Imran coming back to power is not the panacea for Pakistan. Quite the contrary. As a Prime Minister, his disastrous policies are directly responsible for the state Pakistan finds itself in. He disregarded experts on economic policy. He single-handedly damaged relations with the USA, Saudi Arabia, UAE and even to some extent with China. And of course, his antagonism to India put paid to any hopes of normalcy. Even the former Army Chief, Gen Qamar Jawed Bajwa seemed to have seen the light, when he said that good relations were essential for Pakistan. But Imran had consistently denied that, and continued to fuel the fire by his ill-considered statements. And then there is his own dealings with the Army and the other political parties. Imran Khan is known to be a very vindictive man, who as PM even visited the cells of his jailed opponents to personally ensure that the air conditioning and other amenities were cut off. He is unlikely to extend a warm handshake to get the opposition parties together to help pull Pakistan out of its morass. Nor will he resort to any niceties with the Army. Flush with power, he is likely to target General Asim Munir himself—with whom he has a long antagonism—and set it on another confrontation course. Eventually, Imran’s only allies would be the Islamic extremist groups—including the Tehrik-e-Taliban, Pakistan—for whom he has a soft spot and even released its jailed cadres. “Taliban Khan” could well put Pakistan down a disastrous road, and with none of the arms of government machinery working in tandem, its dissolution could be even faster.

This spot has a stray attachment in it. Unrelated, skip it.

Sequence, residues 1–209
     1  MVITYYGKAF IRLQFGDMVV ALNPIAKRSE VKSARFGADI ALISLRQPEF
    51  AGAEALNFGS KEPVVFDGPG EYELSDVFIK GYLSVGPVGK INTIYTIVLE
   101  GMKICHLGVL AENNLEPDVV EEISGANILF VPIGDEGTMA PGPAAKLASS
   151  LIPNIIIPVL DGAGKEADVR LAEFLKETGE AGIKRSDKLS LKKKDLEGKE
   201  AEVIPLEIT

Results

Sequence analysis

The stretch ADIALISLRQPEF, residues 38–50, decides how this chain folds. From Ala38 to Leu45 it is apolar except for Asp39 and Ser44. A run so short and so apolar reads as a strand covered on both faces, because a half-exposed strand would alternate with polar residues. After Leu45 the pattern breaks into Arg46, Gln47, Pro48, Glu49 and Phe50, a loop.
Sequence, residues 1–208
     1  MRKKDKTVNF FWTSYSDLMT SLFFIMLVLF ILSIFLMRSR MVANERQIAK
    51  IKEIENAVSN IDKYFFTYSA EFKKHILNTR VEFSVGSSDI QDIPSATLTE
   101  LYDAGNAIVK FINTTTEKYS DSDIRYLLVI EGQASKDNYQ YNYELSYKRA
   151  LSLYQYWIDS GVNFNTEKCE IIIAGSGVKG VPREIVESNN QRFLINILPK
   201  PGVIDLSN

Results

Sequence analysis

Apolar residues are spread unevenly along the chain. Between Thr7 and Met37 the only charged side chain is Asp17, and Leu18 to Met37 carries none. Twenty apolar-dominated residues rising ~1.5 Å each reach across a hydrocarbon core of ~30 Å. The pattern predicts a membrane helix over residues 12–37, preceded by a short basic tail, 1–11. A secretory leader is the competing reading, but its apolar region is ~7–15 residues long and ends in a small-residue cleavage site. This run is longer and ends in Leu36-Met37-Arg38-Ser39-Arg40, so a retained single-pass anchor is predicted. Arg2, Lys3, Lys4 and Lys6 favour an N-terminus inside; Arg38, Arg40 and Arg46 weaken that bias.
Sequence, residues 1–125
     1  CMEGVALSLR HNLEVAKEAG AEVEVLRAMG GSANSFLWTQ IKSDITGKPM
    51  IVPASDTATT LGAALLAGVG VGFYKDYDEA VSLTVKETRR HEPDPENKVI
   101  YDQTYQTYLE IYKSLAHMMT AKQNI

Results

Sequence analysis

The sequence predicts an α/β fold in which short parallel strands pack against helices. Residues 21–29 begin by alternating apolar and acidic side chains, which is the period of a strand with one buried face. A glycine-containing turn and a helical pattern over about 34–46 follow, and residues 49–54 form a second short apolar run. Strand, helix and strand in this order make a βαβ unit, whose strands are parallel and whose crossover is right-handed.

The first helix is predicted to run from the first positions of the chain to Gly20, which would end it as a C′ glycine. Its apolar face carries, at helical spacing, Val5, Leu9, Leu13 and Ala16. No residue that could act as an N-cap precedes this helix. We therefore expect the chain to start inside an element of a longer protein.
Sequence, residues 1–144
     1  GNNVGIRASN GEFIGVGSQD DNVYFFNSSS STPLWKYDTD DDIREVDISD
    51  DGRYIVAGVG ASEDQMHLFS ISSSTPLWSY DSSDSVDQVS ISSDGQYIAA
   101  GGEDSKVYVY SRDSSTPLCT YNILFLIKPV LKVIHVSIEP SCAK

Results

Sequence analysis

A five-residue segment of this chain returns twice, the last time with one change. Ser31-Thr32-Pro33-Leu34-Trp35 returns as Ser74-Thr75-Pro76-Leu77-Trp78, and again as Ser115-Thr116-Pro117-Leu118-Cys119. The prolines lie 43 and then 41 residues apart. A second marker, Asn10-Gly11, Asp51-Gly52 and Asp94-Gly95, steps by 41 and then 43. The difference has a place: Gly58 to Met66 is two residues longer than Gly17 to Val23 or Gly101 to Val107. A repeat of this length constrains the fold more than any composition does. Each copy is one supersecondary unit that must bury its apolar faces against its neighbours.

ARMY REGAINS CONTROL
After the blatant show of anger towards it, the Army seems to have got its act together. Imran’s reminder of the “1971 moment” has also hurt. And even though the Army has not won any of its external wars, it has not yet lost a battle against its own countrymen. It would not want to let go of that dubious record.
Gen Asim Munir’s language in a leaked video—in which he threatened to finish the protestors (“mitti me mila denge”), targeted women and children and even the veterans who sided with them—shows that there are no-holds-barred now. There is talk of a rift within the Army, especially amongst junior officers, who are attracted to Imran’s ideology, and some sections of the senior leadership, but the extent is not verifiable. But the Army will stand together now—they have too much to lose if they lose power. Also, a split within the Army could well weaken the only remaining power structure in the country, and that could put Pakistan truly on the course to civil war.
It is unlikely that martial law will be declared, or that the Army will directly take over. The Army’s battle is not with the government this time, it is with Imran. They will use the government and its arms to target him by proxy, discredit him and ban his party. Perhaps he could even be imprisoned or sent to exile so that he no longer poses a threat. They could then retain control through the next “selected government” and let the same happy state of affairs continue.
TALIBAN IN THE WINGS